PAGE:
The assault, both bold and articulate, was led by the two most successful club owners in the country, Sir John Hall, of Newcastle and Nigel Wray, of Saracens. Together with Donald Kerr, the chairman of the English Rugby Partnership, they launched their long-awaited "charter", a vision of the future that contradicts the Club England philosophy of Fran Cotton, the vice-chairman of the Rugby Football Union, at almost every turn. If Cotton sticks to his guns - and there is no doubting his intention in that respect - the clubs will seek his head on a High Court platter.
Wray, perhaps the most thoughtful of the multi-millionaire owner-investors involved in Premiership rugby, said the fight was on for the hearts and minds of the English sporting public. "If the RFU want club rugby in this country to continue, they're going a funny way about it," said the richest son of Old Millhillians RFC.
"I might turn it round the other way by saying if the RFU want to exterminate the club game, they're absolutely spot-on. The clubs are facing a situation in which their regulators, the Union, are also their direct competitors. It is crazy, a nonsense. They are asking us to build businesses on crumbling sand.
"If the RFU would only drop their fixation with divisional rugby, which has been shown to be a non-starter more times than any of us can remember, and allow the clubs to contract their players with international commitments fully protected, we might get somewhere. As it stands, though, the Cotton stance, if I can call it that, puts the clubs out of business.
"Fran simply has to remove the club element of his plan from the table. If he doesn't, I can see us in court."
While Wray, one of the Premiership doves, was more militant than usual, his hawkish partner from Newcastle was characteristically up-front. "It's time we all came out and told people where we are going on this one," Hall said. "We've all postured ourselves to a standstill. Now it's down to business.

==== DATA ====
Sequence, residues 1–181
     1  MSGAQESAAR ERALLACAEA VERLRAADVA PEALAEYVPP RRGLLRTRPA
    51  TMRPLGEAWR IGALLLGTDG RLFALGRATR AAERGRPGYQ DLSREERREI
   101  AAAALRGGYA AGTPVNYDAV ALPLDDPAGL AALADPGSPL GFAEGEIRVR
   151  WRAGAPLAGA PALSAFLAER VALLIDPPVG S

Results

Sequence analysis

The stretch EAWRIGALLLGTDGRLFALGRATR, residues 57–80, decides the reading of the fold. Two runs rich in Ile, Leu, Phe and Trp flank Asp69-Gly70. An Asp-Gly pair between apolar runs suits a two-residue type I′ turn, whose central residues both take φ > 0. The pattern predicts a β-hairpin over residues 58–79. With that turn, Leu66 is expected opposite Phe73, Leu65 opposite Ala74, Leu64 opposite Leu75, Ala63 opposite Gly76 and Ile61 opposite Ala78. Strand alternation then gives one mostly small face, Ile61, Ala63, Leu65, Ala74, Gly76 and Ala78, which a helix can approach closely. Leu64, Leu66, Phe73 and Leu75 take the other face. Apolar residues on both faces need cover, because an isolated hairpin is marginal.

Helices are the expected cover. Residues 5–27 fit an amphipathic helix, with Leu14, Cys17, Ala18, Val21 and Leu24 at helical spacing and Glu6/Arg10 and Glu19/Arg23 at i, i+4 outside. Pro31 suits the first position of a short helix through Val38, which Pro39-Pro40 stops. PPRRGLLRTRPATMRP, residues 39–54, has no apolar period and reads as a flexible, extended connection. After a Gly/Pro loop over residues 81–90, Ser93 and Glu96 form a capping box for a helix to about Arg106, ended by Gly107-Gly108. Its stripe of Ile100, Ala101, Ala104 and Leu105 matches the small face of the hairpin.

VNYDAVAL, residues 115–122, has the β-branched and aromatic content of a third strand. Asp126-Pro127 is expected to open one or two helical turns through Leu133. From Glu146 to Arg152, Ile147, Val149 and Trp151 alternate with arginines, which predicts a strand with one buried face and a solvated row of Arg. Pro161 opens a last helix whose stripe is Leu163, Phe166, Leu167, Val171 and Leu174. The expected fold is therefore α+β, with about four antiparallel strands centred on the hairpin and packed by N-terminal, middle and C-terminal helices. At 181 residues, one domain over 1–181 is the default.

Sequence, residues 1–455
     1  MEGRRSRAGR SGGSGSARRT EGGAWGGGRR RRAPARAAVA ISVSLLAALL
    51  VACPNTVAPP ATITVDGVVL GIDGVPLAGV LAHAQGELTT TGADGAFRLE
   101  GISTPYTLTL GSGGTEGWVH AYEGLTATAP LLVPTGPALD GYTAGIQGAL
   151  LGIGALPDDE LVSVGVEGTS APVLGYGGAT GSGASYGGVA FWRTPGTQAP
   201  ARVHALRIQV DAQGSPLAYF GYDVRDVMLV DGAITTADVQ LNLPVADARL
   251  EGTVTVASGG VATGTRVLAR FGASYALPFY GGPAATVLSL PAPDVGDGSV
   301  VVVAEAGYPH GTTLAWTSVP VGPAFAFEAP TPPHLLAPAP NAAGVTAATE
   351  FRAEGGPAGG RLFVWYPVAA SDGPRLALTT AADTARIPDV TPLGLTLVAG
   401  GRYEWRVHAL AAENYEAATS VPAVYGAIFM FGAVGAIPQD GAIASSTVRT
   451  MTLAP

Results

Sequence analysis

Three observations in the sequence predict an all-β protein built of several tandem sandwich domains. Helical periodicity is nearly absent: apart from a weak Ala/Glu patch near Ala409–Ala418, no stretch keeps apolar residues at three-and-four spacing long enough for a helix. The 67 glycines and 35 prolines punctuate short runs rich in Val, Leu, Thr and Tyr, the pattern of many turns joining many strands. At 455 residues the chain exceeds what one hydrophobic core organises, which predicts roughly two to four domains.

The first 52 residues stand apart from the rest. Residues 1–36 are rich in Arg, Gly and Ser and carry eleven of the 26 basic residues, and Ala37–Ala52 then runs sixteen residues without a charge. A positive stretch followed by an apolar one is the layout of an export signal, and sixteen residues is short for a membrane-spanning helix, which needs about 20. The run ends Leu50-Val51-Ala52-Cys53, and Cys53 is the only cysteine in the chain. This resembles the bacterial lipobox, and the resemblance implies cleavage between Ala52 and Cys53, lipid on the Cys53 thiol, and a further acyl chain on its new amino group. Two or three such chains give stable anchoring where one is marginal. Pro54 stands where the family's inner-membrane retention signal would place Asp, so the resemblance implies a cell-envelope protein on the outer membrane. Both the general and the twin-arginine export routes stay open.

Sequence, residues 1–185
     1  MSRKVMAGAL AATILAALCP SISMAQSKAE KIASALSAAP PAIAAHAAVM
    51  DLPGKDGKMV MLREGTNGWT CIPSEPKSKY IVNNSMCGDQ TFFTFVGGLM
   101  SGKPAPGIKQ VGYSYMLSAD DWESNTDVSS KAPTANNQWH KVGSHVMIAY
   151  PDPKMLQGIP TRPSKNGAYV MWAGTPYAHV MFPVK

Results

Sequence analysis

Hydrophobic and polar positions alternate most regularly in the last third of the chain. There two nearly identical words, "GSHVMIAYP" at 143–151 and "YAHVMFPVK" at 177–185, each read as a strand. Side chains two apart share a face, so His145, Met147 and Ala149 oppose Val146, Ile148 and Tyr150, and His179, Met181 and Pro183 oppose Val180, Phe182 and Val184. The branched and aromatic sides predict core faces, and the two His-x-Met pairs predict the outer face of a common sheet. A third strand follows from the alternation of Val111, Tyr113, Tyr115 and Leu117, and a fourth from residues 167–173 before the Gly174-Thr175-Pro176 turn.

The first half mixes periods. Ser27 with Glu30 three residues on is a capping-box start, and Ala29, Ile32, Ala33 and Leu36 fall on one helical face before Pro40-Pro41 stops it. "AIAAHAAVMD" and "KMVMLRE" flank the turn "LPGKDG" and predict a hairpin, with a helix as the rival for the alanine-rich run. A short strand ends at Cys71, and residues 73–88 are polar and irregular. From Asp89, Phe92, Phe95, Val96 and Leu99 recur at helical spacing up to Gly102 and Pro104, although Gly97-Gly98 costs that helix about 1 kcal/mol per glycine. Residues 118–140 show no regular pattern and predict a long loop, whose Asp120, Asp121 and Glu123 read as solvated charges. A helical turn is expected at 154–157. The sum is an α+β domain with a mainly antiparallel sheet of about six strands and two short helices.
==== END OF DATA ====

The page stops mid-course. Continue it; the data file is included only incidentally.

"We've taken Newcastle from an average crowd of 800 to something close to 5,000 - that's what we've done, not Fran Cotton or the England Test team - and we'll take our right to exist and prosper to whatever lengths we feel necessary.
"We are going to get our rights through European legislation in two years anyway - we know that through the best legal advice - but we'd like to be able to sort it now through honest, straightforward negotiation with the ruling body. If they don't want to do it that way, fine. We'll be here in two years' time to do it the hard way."
The charter establishes a number of principles that will be anathema to the current RFU hierarchy: the clubs want to operate as an "independent organisation" under the auspices of the Union and intend to negotiate their own broadcasting and sponsorship deals; they want to retain all leading players on club contracts; they want to set up a new European club competition managed by the participants and expand the Premiership to accommodate 14 teams; and they want to shift the Five Nations' Championship to a new end-of-season position in April and May.
"What we have at the moment is a bad marriage," said Kerr, a prominent figure at Harlequins and an old hand in the club-Union conflagration. "The Union wants total control while we want our freedom. We have enough capable businessmen on board now to make it happen."
Cotton and company beg to differ, of course. The men in wigs are already counting their prospective earnings.